Seniors housing information program receives provincial grant

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B.C. seniors at risk of homelessness will get some help finding housing and other vital mental health supports, thanks to a provincial investment.

The B.C. government has provided the Seniors Services Society of BC with a $720,000 grant for its Seniors Housing Information and Navigation Ease (SHINE) program to connect seniors with housing, financial assistance, mental health and addictions services. 

The funding will enable SHINE to offer enhanced services in Nanaimo and Vancouver, as well as communities in the province’s interior and the north, according to a media release from the provincial government.

“We are incredibly grateful for the funding from the Ministry of Mental Health and Addictions, as it couldn’t have come at a more urgent time,” said Alison Silgardo, CEO, Seniors Services Society of BC. “COVID-19 has increased the risk and vulnerability of our seniors, and this provincial grant will enable us to continue supporting seniors, including expanding the mental-health and addictions services needed during these difficult times.”

Without the services provided by SHINE, many seniors throughout the province can be at risk of poverty, homelessness and discrimination. SHINE facilitates timely access to and navigation of appropriate housing services and supports for seniors.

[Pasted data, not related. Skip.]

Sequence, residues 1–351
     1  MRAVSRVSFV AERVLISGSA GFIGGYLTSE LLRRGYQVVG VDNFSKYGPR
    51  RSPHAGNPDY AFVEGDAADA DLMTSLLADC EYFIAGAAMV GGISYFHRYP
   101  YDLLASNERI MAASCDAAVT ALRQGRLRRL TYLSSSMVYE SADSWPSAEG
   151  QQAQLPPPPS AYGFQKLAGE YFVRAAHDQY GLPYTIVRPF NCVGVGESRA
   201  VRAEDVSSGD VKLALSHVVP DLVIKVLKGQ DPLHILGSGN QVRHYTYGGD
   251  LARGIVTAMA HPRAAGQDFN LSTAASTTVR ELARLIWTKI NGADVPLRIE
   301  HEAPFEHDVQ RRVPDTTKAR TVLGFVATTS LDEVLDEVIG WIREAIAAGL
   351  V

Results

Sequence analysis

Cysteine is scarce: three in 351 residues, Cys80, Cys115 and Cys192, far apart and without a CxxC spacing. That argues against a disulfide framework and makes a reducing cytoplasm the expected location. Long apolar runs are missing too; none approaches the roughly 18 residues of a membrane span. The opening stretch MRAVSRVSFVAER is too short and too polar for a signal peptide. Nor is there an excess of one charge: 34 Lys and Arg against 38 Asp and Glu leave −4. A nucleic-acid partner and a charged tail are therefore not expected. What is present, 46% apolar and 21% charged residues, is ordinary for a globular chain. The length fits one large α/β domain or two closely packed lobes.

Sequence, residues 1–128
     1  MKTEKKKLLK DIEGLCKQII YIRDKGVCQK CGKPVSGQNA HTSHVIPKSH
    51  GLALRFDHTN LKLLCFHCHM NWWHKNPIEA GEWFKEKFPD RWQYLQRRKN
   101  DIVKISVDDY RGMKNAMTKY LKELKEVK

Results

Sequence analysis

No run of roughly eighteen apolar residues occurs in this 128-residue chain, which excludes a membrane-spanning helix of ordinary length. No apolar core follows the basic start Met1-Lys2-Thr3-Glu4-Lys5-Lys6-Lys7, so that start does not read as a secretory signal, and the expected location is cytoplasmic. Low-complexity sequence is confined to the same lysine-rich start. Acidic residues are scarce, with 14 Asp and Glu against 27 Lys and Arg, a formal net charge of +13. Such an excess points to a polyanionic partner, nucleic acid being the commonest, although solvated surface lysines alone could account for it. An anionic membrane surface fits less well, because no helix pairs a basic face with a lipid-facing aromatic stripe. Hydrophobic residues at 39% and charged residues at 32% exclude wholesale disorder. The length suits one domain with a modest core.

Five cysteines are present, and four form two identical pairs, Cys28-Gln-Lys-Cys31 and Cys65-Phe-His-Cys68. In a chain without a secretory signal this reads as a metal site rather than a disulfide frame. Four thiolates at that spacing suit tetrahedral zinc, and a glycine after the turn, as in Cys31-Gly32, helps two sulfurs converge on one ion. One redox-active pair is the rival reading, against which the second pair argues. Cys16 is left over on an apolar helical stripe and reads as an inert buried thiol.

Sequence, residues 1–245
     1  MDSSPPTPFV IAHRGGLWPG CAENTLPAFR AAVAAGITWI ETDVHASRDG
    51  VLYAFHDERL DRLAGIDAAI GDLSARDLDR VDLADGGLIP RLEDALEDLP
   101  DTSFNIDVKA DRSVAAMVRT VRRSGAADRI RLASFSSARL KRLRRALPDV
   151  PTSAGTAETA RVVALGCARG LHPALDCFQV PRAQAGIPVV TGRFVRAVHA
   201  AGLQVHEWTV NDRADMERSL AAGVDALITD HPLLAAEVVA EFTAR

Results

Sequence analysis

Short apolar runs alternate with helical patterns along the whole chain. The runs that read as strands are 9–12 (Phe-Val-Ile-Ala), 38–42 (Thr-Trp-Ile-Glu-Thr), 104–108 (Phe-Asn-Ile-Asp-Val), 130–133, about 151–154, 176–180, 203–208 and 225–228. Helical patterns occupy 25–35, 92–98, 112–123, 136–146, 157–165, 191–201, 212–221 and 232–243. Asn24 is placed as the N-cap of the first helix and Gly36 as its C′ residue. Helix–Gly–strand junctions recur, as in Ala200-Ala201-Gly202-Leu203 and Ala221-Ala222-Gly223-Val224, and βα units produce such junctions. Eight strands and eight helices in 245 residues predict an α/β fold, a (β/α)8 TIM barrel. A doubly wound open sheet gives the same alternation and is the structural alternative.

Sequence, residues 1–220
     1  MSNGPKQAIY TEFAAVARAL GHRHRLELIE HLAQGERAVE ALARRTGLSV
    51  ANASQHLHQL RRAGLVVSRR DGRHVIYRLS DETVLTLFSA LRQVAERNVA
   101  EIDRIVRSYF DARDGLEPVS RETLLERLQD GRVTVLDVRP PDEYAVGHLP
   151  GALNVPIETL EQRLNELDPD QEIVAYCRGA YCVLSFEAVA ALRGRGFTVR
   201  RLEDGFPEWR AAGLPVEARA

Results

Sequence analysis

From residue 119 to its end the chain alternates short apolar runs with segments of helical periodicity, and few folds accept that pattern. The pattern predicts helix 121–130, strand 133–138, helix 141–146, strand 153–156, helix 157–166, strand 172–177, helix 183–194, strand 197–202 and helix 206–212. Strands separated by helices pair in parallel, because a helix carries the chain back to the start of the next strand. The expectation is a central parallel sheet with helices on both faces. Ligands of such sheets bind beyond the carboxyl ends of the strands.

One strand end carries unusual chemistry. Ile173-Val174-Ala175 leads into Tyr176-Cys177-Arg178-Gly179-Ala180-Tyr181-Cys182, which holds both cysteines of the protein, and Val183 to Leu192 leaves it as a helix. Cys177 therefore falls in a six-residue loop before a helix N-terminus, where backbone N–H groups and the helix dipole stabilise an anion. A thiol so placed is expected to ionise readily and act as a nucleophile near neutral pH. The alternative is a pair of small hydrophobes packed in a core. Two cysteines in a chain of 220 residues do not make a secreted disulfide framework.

“Seniors often face obstacles when trying to connect with resources for housing, mental health and addictions support. Finding support can be daunting for the elderly; that’s why organizations like the Senior Services Society of BC and their SHINE program are integral to supporting seniors and ensuring they have the care and help they deserve,” said Adam Walker, MLA for Parksville-Qualicum.

Research has shown that when seniors are able to age in a residence of their choosing, they are less likely to experience mental health and addictions challenges and tend to have higher standards of living, according to the province. Services offered by the SHINE program are vital to help close gaps in access to mental health, addictions and housing supports.

One quarter (24.6 per cent) of Canadian seniors live alone with little or no family or friend contacts, according to 2019 Canadian census data.

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